July is a special month to celebrate freedom. It has been said that the public and personal freedom that comes from the formation of the United States of America is an ongoing social experiment of endurance to see how long a group of people can self-govern. It has also been said “a house divided against itself cannot stand” – Abraham Lincoln. Similarly, organizations in a capitalistic society need prudent leadership to foster social equality, which is inclusion regardless of race, ethnicity, religion, gender, age, or sexual orientation. Inclusion means all people are given equal opportunity to achieve their full potential.
Freedom is generally described as the right to act, speak, or think as one chooses without restraint. However, for every actionthere is a reaction – some good and some not so good. Freedom of choice means you have personal power to decide and select what you want. However, decisions have consequences that are not always desirable, and hindsight is always 20/20. Here is where freedom displays its true form in the hearts and minds of people, and where self-governance is a public and personal responsibility. However, people must believe they have the right, duty, and ability to govern themselves, otherwise they will not take personal responsibility to keep freedom. Likewise, organizations need capable workers, who believe it is their personal responsibility to perform well and do their jobs with integrity.
Personal responsibility and decision-making are indispensable to each other. Seasoned talent development (TD) professionals are known for being resolute in personal responsibility and prudent decision-making for self and in helping others build personal capability.
Last month, I asked the question:
What different or more actions should talent development (TD) professionals be taking in their own life, personally and professionally, to impact effective change within organizational workplaces?
This month, I offer suggestions in the spirit of personal freedom to self-govern, self-help, and self-lead in personal responsibility to make and keep organizations great:
1. Be an advocate for building a workplace culture of lifelong learning. For example, use the ATD Capability Model to develop active listening, facilitating dialogue, and developing skills to express thoughts, feelings, and ideas clearly, concisely, and compellingly.
2. Connect talent development to organizational culture and performance goals. For example, include self-reflection activities in all learning activities to process thoughts, emotions, and behaviors in constructive ways to reduce complacent thinking and increase action-oriented thinking “to do what you can, with what you have, and where you are at” – Theodore Roosevelt.
3. Center talent development around how learning occurs and make it inclusive with diverse perspectives. For example, set up a safe space (e.g. webinar, etc.) for candid conversation to foster informal learning. Here is where the TD professional can facilitate authentic discussions coupled with listening strategies to create a psychologically safe learning environment for work staff to hear and understand different perspectives with empathy and acceptance, especially during these unprecedented, emotional times within our nation’s history. Encourage open minds and hearts to be kind, compassionate, and willing to understand differences.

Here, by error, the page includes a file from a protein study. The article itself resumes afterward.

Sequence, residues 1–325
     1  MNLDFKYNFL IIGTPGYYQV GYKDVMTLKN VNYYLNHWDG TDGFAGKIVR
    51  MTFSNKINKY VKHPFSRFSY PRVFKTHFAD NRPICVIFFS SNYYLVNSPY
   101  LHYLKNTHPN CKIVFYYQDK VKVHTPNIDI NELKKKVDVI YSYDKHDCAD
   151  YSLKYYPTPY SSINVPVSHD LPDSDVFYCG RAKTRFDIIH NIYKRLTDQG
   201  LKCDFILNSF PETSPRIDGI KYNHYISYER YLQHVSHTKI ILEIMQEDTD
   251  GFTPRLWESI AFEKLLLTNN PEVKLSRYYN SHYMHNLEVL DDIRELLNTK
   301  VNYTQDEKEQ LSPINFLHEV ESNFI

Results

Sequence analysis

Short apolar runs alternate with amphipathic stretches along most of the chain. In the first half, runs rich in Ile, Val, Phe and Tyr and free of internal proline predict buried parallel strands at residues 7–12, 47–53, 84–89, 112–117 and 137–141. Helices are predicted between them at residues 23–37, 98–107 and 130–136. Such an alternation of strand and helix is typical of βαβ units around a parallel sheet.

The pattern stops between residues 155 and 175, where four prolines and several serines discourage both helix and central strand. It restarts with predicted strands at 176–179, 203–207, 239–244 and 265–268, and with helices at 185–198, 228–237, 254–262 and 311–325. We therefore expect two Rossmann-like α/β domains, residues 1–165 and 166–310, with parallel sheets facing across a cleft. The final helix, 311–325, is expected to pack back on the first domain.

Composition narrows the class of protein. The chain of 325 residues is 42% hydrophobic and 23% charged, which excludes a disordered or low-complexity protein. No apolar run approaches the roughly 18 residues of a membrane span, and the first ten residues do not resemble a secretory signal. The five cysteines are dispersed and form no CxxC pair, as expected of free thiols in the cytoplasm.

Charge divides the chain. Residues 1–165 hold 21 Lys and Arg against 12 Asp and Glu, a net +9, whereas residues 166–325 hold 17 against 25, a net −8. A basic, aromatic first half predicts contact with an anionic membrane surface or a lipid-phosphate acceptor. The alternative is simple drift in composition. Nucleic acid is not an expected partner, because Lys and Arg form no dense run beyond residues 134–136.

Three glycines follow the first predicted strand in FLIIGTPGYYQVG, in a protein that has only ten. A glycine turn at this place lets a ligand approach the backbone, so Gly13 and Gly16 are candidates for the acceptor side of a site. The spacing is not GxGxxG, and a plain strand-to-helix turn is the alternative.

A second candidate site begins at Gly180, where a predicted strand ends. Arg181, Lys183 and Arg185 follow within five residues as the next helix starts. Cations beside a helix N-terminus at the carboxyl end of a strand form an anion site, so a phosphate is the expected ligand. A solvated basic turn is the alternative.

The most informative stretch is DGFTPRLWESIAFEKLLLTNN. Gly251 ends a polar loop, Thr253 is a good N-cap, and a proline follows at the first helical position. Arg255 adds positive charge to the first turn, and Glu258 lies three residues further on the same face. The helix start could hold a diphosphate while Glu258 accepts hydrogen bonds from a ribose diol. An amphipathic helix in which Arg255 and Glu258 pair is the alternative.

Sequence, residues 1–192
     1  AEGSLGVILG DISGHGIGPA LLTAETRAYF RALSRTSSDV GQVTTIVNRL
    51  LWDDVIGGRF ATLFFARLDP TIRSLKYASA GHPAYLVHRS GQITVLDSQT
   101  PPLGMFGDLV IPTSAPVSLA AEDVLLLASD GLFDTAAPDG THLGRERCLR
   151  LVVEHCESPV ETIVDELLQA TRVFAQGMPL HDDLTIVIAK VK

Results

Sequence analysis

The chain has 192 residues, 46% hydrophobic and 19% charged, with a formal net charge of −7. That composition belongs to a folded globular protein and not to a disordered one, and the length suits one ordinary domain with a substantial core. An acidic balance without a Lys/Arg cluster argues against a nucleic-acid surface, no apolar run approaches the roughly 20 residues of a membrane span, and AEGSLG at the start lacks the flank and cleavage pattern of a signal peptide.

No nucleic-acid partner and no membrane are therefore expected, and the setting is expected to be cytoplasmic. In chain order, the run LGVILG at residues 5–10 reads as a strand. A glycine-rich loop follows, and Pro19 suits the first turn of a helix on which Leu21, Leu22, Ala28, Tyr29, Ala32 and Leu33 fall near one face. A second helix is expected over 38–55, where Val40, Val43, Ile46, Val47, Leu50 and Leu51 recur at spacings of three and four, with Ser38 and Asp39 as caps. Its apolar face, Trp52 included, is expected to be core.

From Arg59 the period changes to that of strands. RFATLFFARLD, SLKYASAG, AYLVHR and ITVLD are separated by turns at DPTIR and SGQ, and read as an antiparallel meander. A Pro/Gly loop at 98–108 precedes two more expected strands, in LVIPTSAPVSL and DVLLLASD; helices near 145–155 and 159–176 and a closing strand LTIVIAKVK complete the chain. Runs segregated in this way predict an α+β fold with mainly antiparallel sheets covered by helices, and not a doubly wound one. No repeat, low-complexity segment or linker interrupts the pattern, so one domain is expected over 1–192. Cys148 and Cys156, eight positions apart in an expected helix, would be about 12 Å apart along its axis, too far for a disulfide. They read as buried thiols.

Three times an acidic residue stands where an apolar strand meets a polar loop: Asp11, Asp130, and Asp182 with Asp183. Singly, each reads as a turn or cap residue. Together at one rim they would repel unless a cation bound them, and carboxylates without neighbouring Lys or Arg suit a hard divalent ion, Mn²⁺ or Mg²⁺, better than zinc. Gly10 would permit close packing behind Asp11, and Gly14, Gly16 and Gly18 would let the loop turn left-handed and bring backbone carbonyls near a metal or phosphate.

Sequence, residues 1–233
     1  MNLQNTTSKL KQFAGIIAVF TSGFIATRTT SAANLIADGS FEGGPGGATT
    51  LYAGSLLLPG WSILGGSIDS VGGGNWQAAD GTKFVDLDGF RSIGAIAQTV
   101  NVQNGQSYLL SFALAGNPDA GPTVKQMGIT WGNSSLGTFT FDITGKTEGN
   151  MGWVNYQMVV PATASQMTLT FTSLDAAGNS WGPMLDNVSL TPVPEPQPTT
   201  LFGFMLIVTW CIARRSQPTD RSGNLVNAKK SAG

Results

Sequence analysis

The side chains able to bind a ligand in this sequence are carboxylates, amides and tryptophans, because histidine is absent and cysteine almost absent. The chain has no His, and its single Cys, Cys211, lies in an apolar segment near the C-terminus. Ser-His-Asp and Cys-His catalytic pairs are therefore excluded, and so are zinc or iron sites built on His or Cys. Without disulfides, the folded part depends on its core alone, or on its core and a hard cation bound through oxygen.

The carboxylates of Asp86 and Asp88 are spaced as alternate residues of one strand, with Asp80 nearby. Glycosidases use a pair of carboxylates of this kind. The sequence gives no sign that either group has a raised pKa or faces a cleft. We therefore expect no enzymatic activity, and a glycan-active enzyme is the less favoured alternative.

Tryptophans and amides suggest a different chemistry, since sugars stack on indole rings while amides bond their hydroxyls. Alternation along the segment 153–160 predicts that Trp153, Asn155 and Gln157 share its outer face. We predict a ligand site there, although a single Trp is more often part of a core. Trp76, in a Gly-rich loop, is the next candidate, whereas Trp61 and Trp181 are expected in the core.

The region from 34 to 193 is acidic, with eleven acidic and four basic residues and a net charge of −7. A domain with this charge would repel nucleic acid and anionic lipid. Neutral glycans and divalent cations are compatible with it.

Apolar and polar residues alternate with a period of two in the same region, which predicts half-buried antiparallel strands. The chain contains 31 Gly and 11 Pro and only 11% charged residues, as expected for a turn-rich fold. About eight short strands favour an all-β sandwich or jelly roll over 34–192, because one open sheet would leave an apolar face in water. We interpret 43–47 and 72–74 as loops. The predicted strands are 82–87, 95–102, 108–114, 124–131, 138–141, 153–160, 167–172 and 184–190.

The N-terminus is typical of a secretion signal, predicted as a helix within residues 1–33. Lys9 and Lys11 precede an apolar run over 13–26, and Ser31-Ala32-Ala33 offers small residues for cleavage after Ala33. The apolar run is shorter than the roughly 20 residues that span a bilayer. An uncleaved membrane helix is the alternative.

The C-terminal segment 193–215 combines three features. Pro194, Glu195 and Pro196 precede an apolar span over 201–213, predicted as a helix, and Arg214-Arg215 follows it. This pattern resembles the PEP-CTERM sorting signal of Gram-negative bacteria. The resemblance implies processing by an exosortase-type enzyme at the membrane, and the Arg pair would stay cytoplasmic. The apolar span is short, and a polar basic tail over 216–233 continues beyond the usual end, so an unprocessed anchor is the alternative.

At last month’s event, Betsy Barbour, an expert in intercultural communications, provided a fun and engaging session on how to master proactive learning strategies to anticipate and respond better to changing needs. She emphasized intercultural communications and global community building on how to organize thinking to support employees at work and make their jobs easier by giving them the information and learning they need just when they need it. Also, to become more conversant with the ATD Capability Model in the areas of Cultural Plans and Communication, Strategic Planning and Critical Thinking.
This month, Dr. LauraAnn Migliore (me) will be presenting on decision-making models using the principles of prudence, evidence-based management, and bounded rationality to improve the TD professional’s strategic impact to the organization. Also, I will be facilitating discussion on data and information handling, logic and rationale, and anchoring to core values and beliefs. This participant-centered dialogue will help attendees gain new insights and expand personal and professional perspectives in the decision-making process, including new techniques.
To register, click below:
Together, We Create a Southwest Florida Community that Works better with You!
I look forward to seeing you online for the July 29th TD Event!
In the meantime, stay well, stay positive, and keep pursuing capability for intentional learning and leading! You can personalize the ATD Capability Model for your needs, as you reflect on your current field of practice for today and tomorrow. Access the model and take your self-assessment: https://www.td.org/capability-model/access
LauraAnn Migliore, Ph.D.
ATD – Southwest Florida President